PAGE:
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Carbohydr Res. 2009 Mar 31;344(5):632-41. doi: 10.1016/j.carres.2009.01.005. Epub 2009 Jan 17.

A dual role for the lex2 locus: identification of galactosyltransferase activity in non-typeable Haemophilus influenzae strains 1124 and 2019.

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1
Clinical Research Centre, Karolinska Institutet and Södertörn University, NOVUM, S-141 86 Huddinge, Sweden.

Abstract

Lipopolysaccharide (LPS) of Haemophilus influenzae comprises a conserved tri-l-glycero-d-manno-heptosyl inner-core moiety (l-alpha-d-Hepp-(1-->2)-[PEtn-->6]-l-alpha-d-Hepp-(1-->3)-[beta-d-GlcIp-(1-->4)]-l-alpha-d-Hepp-(1-->5)-alpha-Kdop) to which addition of beta-d-Glcp to O-4 of GlcI in serotype b strains is controlled by the gene lex2B. In non-typeable H. influenzae strains 1124 and 2019, however, a beta-d-Galp is linked to O-4 of GlcI. In order to test the hypothesis that the lex2 locus is involved in the expression of beta-d-Galp-(1-->4-beta-d-Glcp-(1--> from HepI, lex2B was inactivated in strains 1124 and 2019, and LPS glycoform populations from the resulting mutant strains were investigated. Detailed structural analyses using NMR techniques and electrospray-ionisation mass spectrometry (ESIMS) on O-deacylated LPS and core oligosaccharide material (OS), as well as ESIMS(n) on permethylated dephosphorylated OS, indicated both lex2B mutant strains to express only beta-d-Glcp extensions from HepI. This provides strong evidence that Lex2B functions as a galactosyltransferase adding a beta-d-Galp to O-4 of GlcI in these strains, indicating that allelic polymorphisms in the lex2B sequence direct alternative functions of the gene product.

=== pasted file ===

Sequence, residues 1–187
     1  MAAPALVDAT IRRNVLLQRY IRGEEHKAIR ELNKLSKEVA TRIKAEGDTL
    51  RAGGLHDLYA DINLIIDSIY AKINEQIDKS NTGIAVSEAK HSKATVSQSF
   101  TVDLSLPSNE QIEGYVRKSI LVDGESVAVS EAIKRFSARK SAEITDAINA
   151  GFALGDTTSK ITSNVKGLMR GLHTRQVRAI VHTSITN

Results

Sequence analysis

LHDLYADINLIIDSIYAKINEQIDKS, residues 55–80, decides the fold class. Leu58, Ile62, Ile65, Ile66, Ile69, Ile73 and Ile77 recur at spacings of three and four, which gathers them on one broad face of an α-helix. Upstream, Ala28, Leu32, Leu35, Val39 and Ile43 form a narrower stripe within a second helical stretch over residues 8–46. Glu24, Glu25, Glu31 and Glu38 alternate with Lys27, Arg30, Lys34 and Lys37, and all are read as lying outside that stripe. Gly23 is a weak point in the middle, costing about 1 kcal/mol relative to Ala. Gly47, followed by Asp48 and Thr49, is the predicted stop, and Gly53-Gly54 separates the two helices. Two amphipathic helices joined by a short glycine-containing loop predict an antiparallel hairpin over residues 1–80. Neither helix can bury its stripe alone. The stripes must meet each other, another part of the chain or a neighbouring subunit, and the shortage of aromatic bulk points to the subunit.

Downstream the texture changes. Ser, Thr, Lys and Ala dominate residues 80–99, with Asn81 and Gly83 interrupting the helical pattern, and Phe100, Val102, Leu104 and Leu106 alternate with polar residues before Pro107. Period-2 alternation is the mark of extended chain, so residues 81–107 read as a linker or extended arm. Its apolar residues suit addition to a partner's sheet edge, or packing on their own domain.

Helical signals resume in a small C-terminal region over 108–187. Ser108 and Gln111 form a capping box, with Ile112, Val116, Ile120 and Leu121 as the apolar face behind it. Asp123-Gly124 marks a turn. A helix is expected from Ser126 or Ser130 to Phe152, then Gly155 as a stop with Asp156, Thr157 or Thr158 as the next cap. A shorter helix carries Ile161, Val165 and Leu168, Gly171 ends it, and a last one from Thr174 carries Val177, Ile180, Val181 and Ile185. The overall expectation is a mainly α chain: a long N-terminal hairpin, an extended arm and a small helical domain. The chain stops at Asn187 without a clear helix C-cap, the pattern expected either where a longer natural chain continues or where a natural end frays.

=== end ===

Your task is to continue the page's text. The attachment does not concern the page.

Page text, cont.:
PMID:
19211098
DOI:
10.1016/j.carres.2009.01.005
[Indexed for MEDLINE]
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